Researchers have identified a new drug target for treating Huntington’s disease, a fatal neurological disorder for which there currently is no cure or preventative therapy.
Huntington’s is an inherited disorder caused by a defect in a single gene, which causes mutant proteins to aggregate in cells. The disease triggers the progressive breakdown of nerve cells in the brain, producing severe physical and neurological damage that continues to get worse over time.
The researchers’ findings identified an enzyme that when inhibited appears to help clear the problematic proteins out of cells—ameliorating the effects of the disease. The study, which included a fruit fly model of Huntington’s disease, paves the way for mammalian studies—a precursor to eventual development and testing of a drug in humans.
Pinpointing the right molecule
Researchers at the National Center for Advancing Translational Sciences started with a drug screen using a cell model of Huntington’s disease. They individually tested thousands of small molecules, applying them to cells that expressed the toxic portion of the mutant protein to see if any could improve cell survival.
The screen pinpointed one small molecule, named NCT-504, that appeared to have the desired effect by inhibiting a specific enzyme in the cells: a lipid kinase called PIP4Kgamma (which stands for phosphatidylinositol-5-phosphate 4-kinase, type II gamma).
“We’re excited that the lipid change could be what’s having this alleviating effect for Huntington’s.”
To figure out exactly what was happening when this lipid kinase was inhibited, the researchers turned to the lab of Lois Weisman at the University of Michigan’s Life Sciences Institute—one of a small number of labs in the world that measure the types of lipids predicted to be generated by PIP4Kgamma.
As a lipid kinase inhibitor, NCT-504 decreases the effect of the PIP4Kgamma enzyme in the cell. When the activity PIP4Kgamma was suppressed, researchers in Weisman’s lab noticed increased cellular levels of three lipids that are involved in an important process to clean up damaged proteins in cells, called autophagy.
The increase in these three lipids may account for an observed increase in autophagic activity, which in turn may be improving the cells’ ability to clear out the protein aggregates that cause Huntington’s disease.
“We predicted it would impact one of the lipids, but it turned out that it was also elevating two other lipids that we have studied extensively,” says Weisman, a research professor at the LSI and a professor of cell and developmental biology. “We’re excited that the lipid change could be what’s having this alleviating effect for Huntington’s.”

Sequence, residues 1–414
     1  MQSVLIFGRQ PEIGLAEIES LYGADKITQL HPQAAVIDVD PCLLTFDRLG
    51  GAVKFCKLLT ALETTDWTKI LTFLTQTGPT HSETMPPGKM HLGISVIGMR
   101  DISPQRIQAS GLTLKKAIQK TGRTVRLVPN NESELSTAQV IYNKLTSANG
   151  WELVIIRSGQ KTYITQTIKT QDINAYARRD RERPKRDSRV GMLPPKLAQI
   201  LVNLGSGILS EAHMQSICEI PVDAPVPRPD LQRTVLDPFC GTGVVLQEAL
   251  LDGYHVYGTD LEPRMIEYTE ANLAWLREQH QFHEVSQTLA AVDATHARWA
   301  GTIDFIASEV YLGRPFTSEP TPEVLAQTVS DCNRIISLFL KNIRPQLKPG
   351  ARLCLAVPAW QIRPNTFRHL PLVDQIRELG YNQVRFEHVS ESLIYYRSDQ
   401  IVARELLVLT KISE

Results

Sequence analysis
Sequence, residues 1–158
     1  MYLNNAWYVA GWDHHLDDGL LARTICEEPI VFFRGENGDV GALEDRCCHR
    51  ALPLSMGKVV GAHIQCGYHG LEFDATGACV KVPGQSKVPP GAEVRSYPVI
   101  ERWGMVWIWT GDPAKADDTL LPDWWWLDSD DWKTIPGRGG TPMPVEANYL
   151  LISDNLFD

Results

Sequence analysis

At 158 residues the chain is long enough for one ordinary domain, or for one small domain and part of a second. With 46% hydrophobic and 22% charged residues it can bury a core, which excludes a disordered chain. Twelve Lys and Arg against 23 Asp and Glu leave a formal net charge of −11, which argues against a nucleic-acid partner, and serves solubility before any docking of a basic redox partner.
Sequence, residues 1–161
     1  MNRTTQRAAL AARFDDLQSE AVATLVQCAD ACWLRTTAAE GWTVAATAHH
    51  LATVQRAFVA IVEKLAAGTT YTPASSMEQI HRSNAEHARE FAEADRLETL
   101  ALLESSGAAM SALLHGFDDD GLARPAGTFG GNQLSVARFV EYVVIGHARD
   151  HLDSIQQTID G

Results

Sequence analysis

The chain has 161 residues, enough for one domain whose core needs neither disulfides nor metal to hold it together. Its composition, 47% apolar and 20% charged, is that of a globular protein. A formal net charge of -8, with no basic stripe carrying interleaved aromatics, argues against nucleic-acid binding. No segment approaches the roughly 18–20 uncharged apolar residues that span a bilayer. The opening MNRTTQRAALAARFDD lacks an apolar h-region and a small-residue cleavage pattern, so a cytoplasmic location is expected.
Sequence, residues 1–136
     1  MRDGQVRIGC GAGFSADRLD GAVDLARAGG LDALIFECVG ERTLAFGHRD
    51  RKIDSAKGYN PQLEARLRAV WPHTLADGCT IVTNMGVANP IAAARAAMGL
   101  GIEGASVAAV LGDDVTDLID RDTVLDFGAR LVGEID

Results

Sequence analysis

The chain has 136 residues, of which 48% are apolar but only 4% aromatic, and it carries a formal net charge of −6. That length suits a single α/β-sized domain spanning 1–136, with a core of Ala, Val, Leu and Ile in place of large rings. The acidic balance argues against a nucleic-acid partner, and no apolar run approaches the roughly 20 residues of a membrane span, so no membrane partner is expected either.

Not just Huntington’s
The team then tested this genetic model in fruit flies to see if the enzyme could have the same effect in a living organism. Because fruit flies have a well-mapped genome and share a surprising number of genes with humans, scientists often use them as a model to investigate human disease.
So, researchers decreased activity of PIP4Kgamma in fruit flies that had the Huntington’s disease mutation. Importantly, the scientists saw a decrease in the effects of two fly models of Huntington’s disease.
“What’s most exciting here is that not only can the animals tolerate the lack of this enzyme, but it’s actually making them better,” Weisman says.
Weisman emphasizes the crucial role of fundamental, discovery-based science in identifying the potential therapeutic target—a finding that could have valuable effects beyond Huntington’s disease.
“This very open, basic-research type of screen was key to this finding,” she says. “And based on the mild increase in autophagy that we saw in the cell-based models, we think it might be important for other neurodegenerative diseases as well, including Alzheimer’s.”
“We’ve been studying these lipid kinases for a while,” adds Sai Srinivas Panapakkam Giridharan, a researcher in Weisman’s lab and an author of the study. “To now discover there is the potential for a therapeutic role for Huntington’s, as well as other neurological disorders, is extremely exciting.”
The next step in this research will be to test the model in mammals and determine whether a decrease in this enzyme can deter Huntington’s disease in more complex organisms.
The researchers report their findings in the journal eLife.
The research’s funding came from the National Institutes of Health, the American Heart Association, and the Protein Folding Disease Initiative at the University of Michigan.
Additional authors of the study are from the Baylor College of Medicine; the National Center for Advancing Translational Sciences (NCATS); Northwestern University; the University of Cambridge, United Kingdom; and the University of Michigan.
Source: University of Michigan